It has not been a fair election, but…

It has not been a fair election, but…

No, it was not a fair presidential election from many perspectives…

First of all, one of the candidates, Recep Tayyip Erdoğan, did not hesitate to make use of, in the widest sense, all state resources provided to him for his position as prime minister. For instance, just one of the prime minister’s privileges was to ride the plane and helicopter that belonged to the state, paid for with Turkish taxpayer’s money, during the campaign.

Likewise, there was a serious discrimination in favor of the prime minister in access to TV channels for candidates to convey their messages to society.

Unfair examples such as these could make up a long list. As a result, the joint candidate of the Republican People’s Party (CHP) and the Nationalist Movement Party (MHP), Professor Ekmeleddin İhsanoğlu, and the Peoples’ Democratic Party’s (HDP) candidate, Selahattin Demirtaş, started the race one or two steps back.

This was never an equal-competition race. There were serious violations in terms of rules and ethical criteria. However, there was no referee on the field to blow his whistle for these violations. It was the Organization of Security and Co-operation in Europe (OSCE) that pointed out the violations. 

It cannot be denied that these negative conditions shaped the election result to a certain extent.

Nevertheless, the problems here should not keep us from seeing the inadequacies in the election performances of the two opposition parties, the CHP and the MHP.

When we look at the numerical data, we see that the total of votes cast for the CHP and the MHP added up to 19,300,000 in the March 30 local elections. But those two parties, which were able to obtain this amount of votes just four months ago, were only able to receive 15,400,000 votes (excluding out-of-Turkey votes) for their joint presidential candidate. There is a decrease of nearly 4 million votes.

The turnout for the presidential elections was 74.13 percent, the lowest turnout since the Sept. 12 era in Turkey. Despite the low turnout, the Justice and Development Party (AK Party) was able to carry over its voters from last March to the ballot box, even adding to them, at 20,670,000 votes (excluding out-of-Turkey votes). In this sense, Erdoğan was able to obtain the votes he wanted without being too affected by the low turnout. The low turnout has been translated as a loss of votes at varying rates in the CHP and the MHP.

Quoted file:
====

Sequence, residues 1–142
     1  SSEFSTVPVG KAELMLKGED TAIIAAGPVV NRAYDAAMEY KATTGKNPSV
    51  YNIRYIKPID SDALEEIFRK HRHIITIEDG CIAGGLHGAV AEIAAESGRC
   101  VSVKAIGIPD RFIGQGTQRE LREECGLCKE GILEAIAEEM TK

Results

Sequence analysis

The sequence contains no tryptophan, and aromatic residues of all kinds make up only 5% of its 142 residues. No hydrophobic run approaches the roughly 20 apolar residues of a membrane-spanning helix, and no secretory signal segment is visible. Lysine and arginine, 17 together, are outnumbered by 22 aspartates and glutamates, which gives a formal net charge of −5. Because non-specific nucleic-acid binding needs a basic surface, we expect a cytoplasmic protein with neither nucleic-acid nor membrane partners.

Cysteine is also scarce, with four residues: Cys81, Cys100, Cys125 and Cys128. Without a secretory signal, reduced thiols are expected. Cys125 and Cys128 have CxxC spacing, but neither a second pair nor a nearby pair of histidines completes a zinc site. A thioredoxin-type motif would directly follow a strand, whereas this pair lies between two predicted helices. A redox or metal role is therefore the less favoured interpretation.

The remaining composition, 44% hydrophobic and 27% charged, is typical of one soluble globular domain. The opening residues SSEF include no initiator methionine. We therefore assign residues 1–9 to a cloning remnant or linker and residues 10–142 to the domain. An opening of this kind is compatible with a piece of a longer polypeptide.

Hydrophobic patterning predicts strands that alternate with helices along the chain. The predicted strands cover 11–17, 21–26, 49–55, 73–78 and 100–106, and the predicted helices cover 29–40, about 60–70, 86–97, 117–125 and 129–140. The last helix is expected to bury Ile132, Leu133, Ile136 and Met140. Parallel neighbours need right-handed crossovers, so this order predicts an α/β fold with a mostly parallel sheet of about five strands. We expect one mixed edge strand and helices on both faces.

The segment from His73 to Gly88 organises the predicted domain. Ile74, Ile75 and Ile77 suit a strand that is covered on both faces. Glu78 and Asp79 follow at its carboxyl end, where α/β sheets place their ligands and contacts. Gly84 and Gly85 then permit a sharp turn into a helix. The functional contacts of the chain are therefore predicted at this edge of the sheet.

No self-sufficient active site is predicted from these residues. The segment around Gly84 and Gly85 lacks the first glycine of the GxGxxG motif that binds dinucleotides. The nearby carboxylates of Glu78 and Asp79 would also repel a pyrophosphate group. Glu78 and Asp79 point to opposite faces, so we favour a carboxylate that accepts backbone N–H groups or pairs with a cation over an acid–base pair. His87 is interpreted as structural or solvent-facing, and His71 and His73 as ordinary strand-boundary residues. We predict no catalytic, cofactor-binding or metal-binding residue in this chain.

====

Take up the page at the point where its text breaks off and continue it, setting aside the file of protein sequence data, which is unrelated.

The AK Party was able to compensate the losses it experienced in its grassroots with vote shifts from the MHP. The CHP, meanwhile, lost some votes to the HDP, while also facing the protests, indifference or lethargy of some of its voters.

Both parties need to seriously question the issues stemming directly from their own performances.
Whether or not a joint candidate was a correct strategy is a separate topic. However, we have to accept that Professor İhsanoğlu’s campaign stumbled at every stage. Probably the biggest issue erupted at the very beginning; when the joint candidate was not presented to society with a strong message or an exciting statement. 

Neither the CHP nor the MHP were very convincing about mobilizing all of their means and manpower for their candidate to win.

Do you remember an event - for example a spectacular rally - from İhsanoğlu’s campaign that left its mark in our memories?

No doubt there were teams in both parties who worked genuinely for İhsanoğlu’s success, but these efforts fell short of reaching a dynamic, energy-generating threshold that thrilled society. İhsanoğlu’s efforts, along with his enormous good-will and politeness, were not enough to cover up these inadequacies and shortcomings.

Perfect organizational skills and management capacities are essential to run an effective election campaign. We cannot say such management skills were demonstrated on the CHP-MHP front in the presidential elections.

An essential requirement to be able to overcome the AK Party appears at this point. If the target is to beat the AK Party, then it is a minimum obligation for its rivals to work more and in a more disciplined manner. If AK Party members work 10 hours, its opposition must work 11 hours.

It is unquestionable that at this point they both seriously need a shake, especially the main opposition party…